Did you see the article at Catholic World Report about “big puppets”? You know the ones.
Whence Come These Puppets of Doom?
August 21, 2012
“Liturgical puppets” have shown up in churches for years, but aren’t limited to Catholic venues—they have long been used as agents of iconoclasm and revolutionary agitprop.
John B. Buescher
“We sit by and watch the Barbarian, we tolerate him; in the long stretches of peace we are not afraid. We are tickled by his irreverence, his comic inversion of our old certitudes and our fixed creeds refreshes us; we laugh. But as we laugh we are watched by large and awful faces from beyond: and on these faces there is no smile.”
— Hilaire Belloc, This That and the Other (1912)
I, for one, hesitate to welcome our new puppet overlords.
They visited the 2008 West Coast Call to Action Conference closing liturgy, the video of which the proprietors of the Orate Fratres blog have linked under the title “Mr. Potato Head Concelebrates the Holy Mass?”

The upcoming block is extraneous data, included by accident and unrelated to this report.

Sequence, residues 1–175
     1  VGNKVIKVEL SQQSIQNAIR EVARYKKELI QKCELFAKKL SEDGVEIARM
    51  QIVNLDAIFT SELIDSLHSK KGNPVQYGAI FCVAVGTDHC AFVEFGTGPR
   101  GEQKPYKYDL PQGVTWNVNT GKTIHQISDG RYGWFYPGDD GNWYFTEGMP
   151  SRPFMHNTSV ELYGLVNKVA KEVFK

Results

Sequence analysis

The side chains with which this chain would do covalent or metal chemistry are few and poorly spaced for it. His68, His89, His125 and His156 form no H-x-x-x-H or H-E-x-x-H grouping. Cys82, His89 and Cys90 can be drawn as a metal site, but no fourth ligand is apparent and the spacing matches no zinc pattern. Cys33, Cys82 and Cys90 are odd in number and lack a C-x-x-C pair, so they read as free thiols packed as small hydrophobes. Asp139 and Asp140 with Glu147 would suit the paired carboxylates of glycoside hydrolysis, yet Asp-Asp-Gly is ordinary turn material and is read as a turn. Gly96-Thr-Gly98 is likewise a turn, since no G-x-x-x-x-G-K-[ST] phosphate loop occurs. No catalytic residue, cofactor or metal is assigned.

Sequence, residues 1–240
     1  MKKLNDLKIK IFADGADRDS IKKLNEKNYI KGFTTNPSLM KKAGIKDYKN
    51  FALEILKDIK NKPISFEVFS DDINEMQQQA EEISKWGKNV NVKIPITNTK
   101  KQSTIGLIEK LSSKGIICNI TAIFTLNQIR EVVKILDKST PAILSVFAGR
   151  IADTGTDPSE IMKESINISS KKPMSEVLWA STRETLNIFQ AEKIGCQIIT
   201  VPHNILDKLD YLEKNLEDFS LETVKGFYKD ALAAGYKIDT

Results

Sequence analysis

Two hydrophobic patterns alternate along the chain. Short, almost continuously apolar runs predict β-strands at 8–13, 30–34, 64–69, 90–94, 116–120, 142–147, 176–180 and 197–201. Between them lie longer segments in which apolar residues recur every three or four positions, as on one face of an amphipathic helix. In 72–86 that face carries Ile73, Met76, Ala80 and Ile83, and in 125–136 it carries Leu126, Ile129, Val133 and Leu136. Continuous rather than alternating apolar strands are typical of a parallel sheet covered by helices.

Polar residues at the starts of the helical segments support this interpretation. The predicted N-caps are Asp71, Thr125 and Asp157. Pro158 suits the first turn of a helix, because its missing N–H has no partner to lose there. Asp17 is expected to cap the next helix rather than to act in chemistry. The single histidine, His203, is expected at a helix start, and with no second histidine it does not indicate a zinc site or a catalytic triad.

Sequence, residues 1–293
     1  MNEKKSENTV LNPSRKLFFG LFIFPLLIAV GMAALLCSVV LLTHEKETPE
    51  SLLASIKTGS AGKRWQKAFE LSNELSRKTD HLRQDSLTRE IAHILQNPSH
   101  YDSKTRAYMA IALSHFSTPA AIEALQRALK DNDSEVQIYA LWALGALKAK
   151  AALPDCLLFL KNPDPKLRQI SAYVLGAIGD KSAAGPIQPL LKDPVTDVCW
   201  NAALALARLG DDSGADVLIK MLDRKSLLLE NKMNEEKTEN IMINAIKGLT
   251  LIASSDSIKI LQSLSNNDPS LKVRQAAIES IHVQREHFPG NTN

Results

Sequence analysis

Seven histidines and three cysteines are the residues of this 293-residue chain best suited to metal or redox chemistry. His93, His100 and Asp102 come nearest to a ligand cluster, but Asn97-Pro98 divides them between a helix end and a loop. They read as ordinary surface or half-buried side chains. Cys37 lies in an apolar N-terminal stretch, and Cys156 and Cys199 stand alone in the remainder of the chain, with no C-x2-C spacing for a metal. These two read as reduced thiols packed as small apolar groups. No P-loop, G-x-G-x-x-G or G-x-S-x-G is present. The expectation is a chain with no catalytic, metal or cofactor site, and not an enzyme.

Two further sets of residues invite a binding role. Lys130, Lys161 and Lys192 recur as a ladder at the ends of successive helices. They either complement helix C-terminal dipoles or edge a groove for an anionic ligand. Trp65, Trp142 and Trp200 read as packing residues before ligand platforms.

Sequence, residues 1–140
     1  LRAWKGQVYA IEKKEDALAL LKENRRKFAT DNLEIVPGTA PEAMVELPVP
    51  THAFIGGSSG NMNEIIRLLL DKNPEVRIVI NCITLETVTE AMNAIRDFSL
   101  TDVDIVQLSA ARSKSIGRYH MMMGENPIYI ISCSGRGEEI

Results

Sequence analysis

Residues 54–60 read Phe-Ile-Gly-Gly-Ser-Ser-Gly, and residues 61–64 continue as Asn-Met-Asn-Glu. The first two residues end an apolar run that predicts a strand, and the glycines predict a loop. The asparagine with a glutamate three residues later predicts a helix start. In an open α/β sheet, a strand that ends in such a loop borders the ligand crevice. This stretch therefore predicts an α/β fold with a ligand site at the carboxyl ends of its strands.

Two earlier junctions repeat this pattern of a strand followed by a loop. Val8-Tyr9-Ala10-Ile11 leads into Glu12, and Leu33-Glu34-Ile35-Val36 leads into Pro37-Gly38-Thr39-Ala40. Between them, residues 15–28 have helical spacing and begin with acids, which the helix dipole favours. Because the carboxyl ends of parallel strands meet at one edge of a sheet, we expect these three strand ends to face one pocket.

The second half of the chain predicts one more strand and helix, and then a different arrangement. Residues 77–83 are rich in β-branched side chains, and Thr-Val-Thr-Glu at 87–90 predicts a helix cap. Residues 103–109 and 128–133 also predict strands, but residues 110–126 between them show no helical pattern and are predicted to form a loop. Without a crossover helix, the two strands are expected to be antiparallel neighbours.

Other recent sightings (among many) are documented on the web, showing one puppet floating through a nave at a Minneapolis church’s Palm Sunday Mass, and several puppets pausing for a few moments from Speaking Truth to the Man to pose with their human wards, stimulating the owner of the Bad Vestments blog to ask, “What is up with leftists and giant papier-mâché puppets of doom?”
Sightings of the large, sad variety of “liturgical puppets” go back some years, and are by no means limited to Catholic venues. Episcopalians, unsurprisingly, have paraded them down the aisle of St. John the Divine Cathedral. And St. Michael’s Episcopal Parish in Litchfield, Connecticut supports the Colossal Puppet Theater Company. In recent years, puppets have appeared in many denominations’ services.
All of which has elicited enraged incomprehension in some quarters—what is the point of these visitations into the sanctuary?
The Spirit of Vatican II as today’s special guest on Sesame Street
Read the rest there.